Flag day might officially be on June 14, but for many Americans it's a year-round celebration. Look no further than the countless hats, towels, bumper stickers and other paraphernalia that have been emblazoned with Stars and Stripes; recently, one Omaha teen made headlines for creating a flag out of more than 680,000 plastic bricks.
This wasn't always the case. Most Americans used to see a flag as little more than a utilitarian marker for government buildings and military outposts. After the U.S. approved its flag design in 1777, it took nearly a century for civilians to get excited about the idea.
The turning point came in 1861, when the Civil War began. Suddenly, the flag--a military symbol of the Union--gained a new level of importance. "It has been said that when the flag came down in Fort Sumter, it went up everywhere in the North--almost like magic," says Marc Leepson, author of Flag: An American Biography.
When the war ended, the flag became a symbol of the reconciliation effort. And thanks in part to advances in color printing and mass production, it increasingly began appearing on national products and advertisements. (Early flag-protection regulations were created only after its image started appearing on beer and whiskey bottles.) This groundswell of Stars and Stripes support was bolstered by the 1931 selection of "The Star-Spangled Banner" as the national anthem and through the 1970s adoption of the flag lapel pin by politicians. Today that fervor shows no sign of flagging.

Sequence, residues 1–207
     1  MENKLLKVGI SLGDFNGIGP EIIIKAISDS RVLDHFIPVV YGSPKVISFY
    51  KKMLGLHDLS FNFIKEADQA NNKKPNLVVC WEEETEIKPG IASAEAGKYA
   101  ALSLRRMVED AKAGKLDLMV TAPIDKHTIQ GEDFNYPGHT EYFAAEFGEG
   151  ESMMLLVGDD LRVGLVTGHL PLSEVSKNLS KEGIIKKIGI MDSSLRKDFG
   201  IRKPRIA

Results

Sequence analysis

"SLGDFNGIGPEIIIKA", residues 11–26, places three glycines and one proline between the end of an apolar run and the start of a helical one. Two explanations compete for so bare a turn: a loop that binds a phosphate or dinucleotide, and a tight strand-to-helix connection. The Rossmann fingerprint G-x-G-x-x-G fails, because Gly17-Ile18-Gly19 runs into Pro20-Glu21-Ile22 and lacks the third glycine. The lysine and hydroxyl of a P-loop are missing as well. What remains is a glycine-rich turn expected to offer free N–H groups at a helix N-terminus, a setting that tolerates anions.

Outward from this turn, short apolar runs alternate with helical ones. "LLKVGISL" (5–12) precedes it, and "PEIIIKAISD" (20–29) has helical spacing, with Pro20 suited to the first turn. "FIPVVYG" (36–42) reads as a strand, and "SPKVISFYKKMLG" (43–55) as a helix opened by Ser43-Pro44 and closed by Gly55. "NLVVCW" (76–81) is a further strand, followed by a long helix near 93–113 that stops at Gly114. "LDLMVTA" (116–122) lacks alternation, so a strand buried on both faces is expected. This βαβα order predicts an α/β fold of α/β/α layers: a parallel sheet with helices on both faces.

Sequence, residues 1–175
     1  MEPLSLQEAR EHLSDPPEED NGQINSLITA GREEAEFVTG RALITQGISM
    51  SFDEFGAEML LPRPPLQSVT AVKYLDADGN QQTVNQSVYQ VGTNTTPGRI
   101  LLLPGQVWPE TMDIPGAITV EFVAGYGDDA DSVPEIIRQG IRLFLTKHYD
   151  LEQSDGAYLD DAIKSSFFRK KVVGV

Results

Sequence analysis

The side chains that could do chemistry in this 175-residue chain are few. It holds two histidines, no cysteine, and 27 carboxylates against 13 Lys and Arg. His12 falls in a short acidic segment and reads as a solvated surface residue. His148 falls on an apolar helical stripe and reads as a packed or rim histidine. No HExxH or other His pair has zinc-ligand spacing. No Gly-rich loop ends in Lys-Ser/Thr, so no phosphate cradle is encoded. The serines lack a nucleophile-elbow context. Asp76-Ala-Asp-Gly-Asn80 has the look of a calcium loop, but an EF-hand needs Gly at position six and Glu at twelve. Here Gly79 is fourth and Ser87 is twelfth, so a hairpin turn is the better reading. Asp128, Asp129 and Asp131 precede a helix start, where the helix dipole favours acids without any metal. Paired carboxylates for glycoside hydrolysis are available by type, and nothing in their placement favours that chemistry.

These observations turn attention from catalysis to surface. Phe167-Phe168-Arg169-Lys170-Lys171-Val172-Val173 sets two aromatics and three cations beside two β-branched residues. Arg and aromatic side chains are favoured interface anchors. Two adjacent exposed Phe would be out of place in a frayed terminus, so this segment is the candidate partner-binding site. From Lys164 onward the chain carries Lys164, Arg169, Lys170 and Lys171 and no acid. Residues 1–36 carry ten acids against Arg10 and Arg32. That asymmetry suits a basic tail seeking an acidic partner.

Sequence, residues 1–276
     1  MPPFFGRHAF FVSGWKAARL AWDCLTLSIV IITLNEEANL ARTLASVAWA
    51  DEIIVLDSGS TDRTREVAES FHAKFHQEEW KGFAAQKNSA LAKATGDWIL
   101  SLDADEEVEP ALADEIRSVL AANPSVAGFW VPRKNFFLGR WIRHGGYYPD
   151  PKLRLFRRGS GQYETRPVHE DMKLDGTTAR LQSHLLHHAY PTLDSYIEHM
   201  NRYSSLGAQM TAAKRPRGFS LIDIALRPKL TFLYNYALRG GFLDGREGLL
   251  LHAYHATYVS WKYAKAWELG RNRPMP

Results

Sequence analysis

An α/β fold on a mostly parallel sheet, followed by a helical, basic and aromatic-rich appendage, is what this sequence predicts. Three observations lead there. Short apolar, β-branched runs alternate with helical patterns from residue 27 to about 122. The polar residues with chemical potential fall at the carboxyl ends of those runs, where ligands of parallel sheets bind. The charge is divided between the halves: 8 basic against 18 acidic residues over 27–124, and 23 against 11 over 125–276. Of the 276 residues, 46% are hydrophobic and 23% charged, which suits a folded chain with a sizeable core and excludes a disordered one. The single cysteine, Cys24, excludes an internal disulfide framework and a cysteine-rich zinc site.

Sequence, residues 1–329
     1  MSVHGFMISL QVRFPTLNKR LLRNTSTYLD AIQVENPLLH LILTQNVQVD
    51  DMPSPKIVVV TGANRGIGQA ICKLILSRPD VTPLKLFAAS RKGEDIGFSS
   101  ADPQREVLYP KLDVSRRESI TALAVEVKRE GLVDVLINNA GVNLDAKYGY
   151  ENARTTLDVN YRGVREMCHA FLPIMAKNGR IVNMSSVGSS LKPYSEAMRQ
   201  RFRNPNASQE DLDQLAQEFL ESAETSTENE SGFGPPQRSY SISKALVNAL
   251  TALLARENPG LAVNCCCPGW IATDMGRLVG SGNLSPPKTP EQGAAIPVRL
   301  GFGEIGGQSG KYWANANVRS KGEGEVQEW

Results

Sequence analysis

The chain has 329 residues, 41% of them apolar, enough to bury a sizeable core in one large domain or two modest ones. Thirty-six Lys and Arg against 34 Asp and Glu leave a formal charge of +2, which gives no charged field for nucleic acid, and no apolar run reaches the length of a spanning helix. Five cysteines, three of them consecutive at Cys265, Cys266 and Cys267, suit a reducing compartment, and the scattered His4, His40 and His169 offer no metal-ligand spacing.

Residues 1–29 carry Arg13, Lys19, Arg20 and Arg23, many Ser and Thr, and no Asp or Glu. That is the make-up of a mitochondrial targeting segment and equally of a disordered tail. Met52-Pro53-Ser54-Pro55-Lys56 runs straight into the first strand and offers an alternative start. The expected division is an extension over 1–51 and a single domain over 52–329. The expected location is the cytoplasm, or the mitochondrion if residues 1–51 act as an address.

For more on these stories, visit time.com/history